intended to suggest both its nature and source. 2

Saliretin is formed from salicin by elimination of the elements
of water ; in order to prepare it, salicin is heated to 80 with
10 parts of fuming hydrochloric acid, the product precipitated by
water, dissolved in dilute alcohol and again precipitated by a
solution of salt. 3

It is a yellowish powder, which dissolves in alkalis and does
not yield either salicylaldehyde or salicylic acid on oxidation.
Concentrated nitric acid converts it into picric acid.

The saliretin obtained by the action of concentrated sulphuric
acid has the formula C 28 H 26 O 5 , 4 while a compound, C 56 H 50 O 9 , is
formed by heating saligenin with acetic anhydride (Beilstein and

Salireton, C 14 H 12 O 3 , is formed in small quantity, together Avith
other resinous products, when saligenin is heated with glycerol.
It crystallizes from hot water in plates or needles, which melt at
121 '5, are coloured red by strong sulphuric acid, and are not
affected by ferric chloride. 5

Orthohydroxybenzyl methyl ether, or Orthomcthoxybcnzyl alcohol,
C 6 H 4 (OCH 3 )CH 2 OH, is formed when saligenin is heated with
methyl iodide, caustic potash and wood spirit ; it is a liquid,
which boils at 247'5 and solidifies in a mixture of ether and solid
carbonic acid to a glassy mass. 6

Orthohydroxybenzyl ethyl ether, C 6 H 4 (OC 2 H 5 )CH 2 .OH, is a
pleasant smelling liquid, which boils at 265 and solidifies at

Boilstein and Seelheim, Ann. Chem. Pharm. cxvii. 84.

Ann. CJiem. Pharm. xxx. 179.

Kraut, ibid. clvi. 124.

f.erhanlt, Ann. Chim. Phys. [3"| vii. 215.

Giactwa, Jmirn. PrnU. Chem. [2] xxi. 221.

Gannizzaro and Kiirnor. 7,v,-. It.-utwh. Ch,n. <f. \. 4.,f,.


to a crystalline mass. It gives no colouration with ferric chloride,
and is oxidized by dilute nitric acid to ethoxybenzoic acid or ethyl
salicylic acid, CeH^OC^CO.OH. 1

Caffeol, C 8 H 10 O 2 . When coffee beans are roasted, the follow-
ing substances are given off from 100 parts : 0'05 of caffeol,
018 of caffeine, (V48 of fatty acids, chiefly palmitic and acetic,
carbon dioxide and small quantities of pyrrol, methylamine and
quinol, derived probably from the quinic acid which is contained
in the beans.

Caffeol is a liquid which boils at 195 197, and possesses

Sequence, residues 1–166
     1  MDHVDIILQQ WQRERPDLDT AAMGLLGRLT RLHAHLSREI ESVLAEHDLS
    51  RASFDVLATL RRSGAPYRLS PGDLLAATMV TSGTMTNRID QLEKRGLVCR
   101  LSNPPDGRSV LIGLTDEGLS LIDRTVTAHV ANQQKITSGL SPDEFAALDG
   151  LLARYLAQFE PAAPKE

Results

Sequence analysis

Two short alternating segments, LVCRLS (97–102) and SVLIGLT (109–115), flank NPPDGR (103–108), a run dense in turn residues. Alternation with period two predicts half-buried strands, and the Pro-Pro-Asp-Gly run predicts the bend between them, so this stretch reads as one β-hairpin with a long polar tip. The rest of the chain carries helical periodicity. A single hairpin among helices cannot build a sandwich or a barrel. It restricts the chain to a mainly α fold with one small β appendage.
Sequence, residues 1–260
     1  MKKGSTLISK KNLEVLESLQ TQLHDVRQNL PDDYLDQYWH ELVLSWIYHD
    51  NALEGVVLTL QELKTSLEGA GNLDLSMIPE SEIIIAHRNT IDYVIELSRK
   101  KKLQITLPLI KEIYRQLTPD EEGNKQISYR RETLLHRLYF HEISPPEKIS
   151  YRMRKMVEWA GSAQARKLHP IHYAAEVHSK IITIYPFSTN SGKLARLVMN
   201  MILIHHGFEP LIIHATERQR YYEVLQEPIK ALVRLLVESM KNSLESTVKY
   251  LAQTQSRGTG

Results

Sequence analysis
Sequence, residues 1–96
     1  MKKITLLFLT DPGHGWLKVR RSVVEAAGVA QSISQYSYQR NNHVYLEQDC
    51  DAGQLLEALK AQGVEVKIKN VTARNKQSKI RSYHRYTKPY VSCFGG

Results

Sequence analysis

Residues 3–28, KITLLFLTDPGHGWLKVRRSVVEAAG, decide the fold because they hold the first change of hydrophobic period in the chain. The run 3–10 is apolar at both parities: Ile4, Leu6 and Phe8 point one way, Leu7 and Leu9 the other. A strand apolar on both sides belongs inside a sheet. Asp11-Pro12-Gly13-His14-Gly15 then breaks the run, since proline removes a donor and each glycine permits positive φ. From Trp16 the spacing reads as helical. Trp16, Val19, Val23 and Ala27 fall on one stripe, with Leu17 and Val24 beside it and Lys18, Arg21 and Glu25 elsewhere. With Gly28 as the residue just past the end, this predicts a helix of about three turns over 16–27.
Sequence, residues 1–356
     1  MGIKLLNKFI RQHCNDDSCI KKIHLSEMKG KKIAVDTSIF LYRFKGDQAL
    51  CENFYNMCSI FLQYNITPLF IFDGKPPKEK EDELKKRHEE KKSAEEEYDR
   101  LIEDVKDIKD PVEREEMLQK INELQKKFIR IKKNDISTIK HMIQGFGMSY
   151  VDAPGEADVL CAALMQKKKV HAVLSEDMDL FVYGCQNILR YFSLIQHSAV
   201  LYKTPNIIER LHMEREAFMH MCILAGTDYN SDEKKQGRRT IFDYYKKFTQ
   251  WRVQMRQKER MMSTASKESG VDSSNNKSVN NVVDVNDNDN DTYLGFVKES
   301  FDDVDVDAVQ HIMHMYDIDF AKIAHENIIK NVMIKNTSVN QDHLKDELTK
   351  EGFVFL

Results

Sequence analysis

the fine aroma of coffee in a very marked degree. Its alcoholic
solution gives with ferric chloride a red colouration which is not
destroyed by sodium carbonate. It only dissolves with difficulty
in concentrated caustic potash solution, and on fusion with
caustic potash yields salicylic acid ; it is probably therefore a methyl
ether of saligenin, and has the constitution C 6 H 4 (OH)CH 2 .OCH 3 . 2
The fact that it gives a red colouration with ferric chloride,
which shows it to be a phenol, is in accordance with this sup-
position. Rotsch has also found that hydroxybenzyl methyl
ether, already mentioned, which is isomeric with caffeol, smells
strongly of burnt coffee, but loses the smell completely on
purification. This behaviour may be explained by the formation
of small quantities of caffeol as a by-product, to which the crude
product owes its smell.

2162 Salicin, or Ortlwhydroxylenzyl glucoside, C 6 H 4 (CH.,.OH)
OC 6 H n O 6 . After several chemists had unsuccessfully endeavoured
to obtain the bitter principle of willow-bark, which was recom-
mended in cases of intermittent fever as a substitute for quinine,
in the pure state, Leroux succeeded in purifying it to such an
extent that it could be readily crystallized. 3 It was at first
thought to be an alkaloid, although this was afterwards shown
not to be the case, and the difficulty experienced in obtaining
compounds of it with other substances prevented chemists
from examining it more closely until Piria subjected it to a
careful investigation, which resulted in a complete explanation
of its nature. 4

It occurs in the bark, leaves, and female flowers of many
trees which do not all belong to the willow tribe, and to the
extent of 4 per cent, in Salix helix, pcntandra, and prcccox', it